I think the GSE requirement is a tipping point for MISMO adoption and will make MISMO 3.3 the clear standard for the mortgage industry. Any lender wanting to sell loans to the GSEs will need to conform to the standard, and in all likelihood, it will become a requirement for all other mortgage investors going forward. I believe the logic among lenders and mortgage technology vendors will be to adopt the MISMO standard throughout the loan workflow.
Q: Is cybersecurity the single most important issue that the mortgage industry faces today, and how can home buyers/borrowers feel secure that their financial information is safe from hackers?
Matthews: Unfortunately, this issue isn’t one faced only by the mortgage industry. Any transaction involving personally identifiable information is subject to exposure by hacking. However, because of the nature and volume of private information associated with home loans, the mortgage industry has to be especially diligent to protect itself and its borrowers from cybersecurity attacks.
There are a number of measures that lenders and the mortgage technology industry can use to evaluate the effectiveness of their defenses against cyber threats. Among them are formal audits by the Federal Financial Institutions Examination Council (FFIEC) and the American Institute of Certified Public Accountants (AICPA). These audits evaluate compliance with “state-of-the-industry” cybersecurity practices and should help consumers feel more secure about their financial information.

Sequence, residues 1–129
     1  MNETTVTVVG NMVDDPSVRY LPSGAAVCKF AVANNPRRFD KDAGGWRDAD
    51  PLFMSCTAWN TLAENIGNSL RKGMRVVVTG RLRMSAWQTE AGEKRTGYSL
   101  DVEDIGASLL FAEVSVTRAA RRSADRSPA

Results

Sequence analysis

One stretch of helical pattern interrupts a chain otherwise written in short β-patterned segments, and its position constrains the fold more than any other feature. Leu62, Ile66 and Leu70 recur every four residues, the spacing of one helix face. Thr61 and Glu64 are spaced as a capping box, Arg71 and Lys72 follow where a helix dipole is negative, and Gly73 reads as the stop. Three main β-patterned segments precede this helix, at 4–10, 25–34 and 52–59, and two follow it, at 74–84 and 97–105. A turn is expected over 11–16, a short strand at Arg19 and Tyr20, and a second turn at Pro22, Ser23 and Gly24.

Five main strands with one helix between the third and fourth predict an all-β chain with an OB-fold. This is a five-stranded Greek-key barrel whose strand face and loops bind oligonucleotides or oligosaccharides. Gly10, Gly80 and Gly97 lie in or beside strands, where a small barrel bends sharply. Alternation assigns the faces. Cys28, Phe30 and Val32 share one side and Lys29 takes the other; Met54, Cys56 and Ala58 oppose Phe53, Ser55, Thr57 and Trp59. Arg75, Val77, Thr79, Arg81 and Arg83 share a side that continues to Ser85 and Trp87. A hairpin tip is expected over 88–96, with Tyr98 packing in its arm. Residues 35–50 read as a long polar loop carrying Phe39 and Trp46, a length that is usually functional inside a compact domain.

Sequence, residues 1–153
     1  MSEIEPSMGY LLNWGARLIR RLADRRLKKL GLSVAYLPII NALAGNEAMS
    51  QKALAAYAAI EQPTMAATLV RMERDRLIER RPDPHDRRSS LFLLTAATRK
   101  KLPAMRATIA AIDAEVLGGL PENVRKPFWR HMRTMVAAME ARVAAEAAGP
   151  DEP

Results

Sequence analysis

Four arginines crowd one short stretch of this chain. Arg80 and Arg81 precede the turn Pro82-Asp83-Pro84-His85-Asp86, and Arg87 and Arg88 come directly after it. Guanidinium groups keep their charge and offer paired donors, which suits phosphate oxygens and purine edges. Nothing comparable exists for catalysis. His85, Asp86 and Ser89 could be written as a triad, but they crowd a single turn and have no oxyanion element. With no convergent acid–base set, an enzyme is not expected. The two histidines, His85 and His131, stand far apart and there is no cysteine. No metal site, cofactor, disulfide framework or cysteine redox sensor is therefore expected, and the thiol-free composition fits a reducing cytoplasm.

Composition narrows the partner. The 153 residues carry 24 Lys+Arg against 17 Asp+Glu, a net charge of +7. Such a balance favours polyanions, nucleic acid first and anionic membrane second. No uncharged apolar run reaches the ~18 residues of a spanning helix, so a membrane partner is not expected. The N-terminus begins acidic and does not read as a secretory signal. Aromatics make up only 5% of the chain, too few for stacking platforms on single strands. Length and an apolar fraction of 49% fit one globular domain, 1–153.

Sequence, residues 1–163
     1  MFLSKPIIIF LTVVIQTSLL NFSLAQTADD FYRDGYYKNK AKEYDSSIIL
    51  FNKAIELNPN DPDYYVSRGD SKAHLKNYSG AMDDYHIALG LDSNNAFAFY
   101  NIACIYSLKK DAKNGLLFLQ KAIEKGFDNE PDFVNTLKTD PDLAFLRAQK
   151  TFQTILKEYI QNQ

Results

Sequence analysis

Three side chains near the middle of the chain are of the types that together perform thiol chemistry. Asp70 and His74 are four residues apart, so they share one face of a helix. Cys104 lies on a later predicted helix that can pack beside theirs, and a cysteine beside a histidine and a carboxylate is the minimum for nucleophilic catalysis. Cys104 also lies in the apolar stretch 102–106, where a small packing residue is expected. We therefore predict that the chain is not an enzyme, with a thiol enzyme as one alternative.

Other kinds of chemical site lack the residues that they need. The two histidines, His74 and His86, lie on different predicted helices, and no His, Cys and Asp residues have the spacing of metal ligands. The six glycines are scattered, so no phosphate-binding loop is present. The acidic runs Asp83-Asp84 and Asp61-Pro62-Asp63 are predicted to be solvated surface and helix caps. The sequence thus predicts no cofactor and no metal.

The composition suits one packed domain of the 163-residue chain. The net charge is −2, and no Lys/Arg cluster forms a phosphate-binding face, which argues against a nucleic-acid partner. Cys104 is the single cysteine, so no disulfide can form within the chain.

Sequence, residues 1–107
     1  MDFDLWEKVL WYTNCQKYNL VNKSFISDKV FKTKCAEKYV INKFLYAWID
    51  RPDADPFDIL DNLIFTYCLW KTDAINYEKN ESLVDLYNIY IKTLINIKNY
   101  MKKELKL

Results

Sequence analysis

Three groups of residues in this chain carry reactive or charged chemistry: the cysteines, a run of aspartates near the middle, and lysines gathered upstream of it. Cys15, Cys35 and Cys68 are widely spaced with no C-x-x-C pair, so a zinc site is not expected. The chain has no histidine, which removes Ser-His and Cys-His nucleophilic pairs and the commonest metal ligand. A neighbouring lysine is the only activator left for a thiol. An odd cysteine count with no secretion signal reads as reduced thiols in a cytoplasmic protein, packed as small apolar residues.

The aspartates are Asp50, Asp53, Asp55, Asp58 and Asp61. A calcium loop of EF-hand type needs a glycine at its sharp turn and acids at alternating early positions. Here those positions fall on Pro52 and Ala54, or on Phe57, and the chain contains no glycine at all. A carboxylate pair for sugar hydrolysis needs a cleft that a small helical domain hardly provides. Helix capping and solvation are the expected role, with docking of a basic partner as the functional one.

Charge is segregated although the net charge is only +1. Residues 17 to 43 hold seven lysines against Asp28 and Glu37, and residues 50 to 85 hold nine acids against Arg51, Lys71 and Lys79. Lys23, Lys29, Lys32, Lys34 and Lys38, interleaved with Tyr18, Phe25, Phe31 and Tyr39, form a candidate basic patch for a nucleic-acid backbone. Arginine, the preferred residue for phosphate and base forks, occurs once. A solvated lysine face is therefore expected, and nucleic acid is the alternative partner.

As a software-as-a-service vendor, eLynx is under the supervision of the Office of the Comptroller of the Currency and is a participant in the FFIEC Examination Program. As such, the company is regularly audited by the FFIEC and AICPA, but it also employs cybersecurity measures beyond those required by the FFIEC and AICPA. eLynx is certified as compliant with the Payment Card Industry Data Security Standard, which has to be renewed annually.
eLynx also submits to regular application code reviews by an independent third party to ensure software used in eLynx services does not contain potential security vulnerabilities. In addition, the company conducts regular penetration tests of both its networks and infrastructure to verify the effectiveness of its cyber defenses against external attacks. It is a different and more dangerous world now that cyber threats have become a stark reality, and we take this aspect of our business very seriously.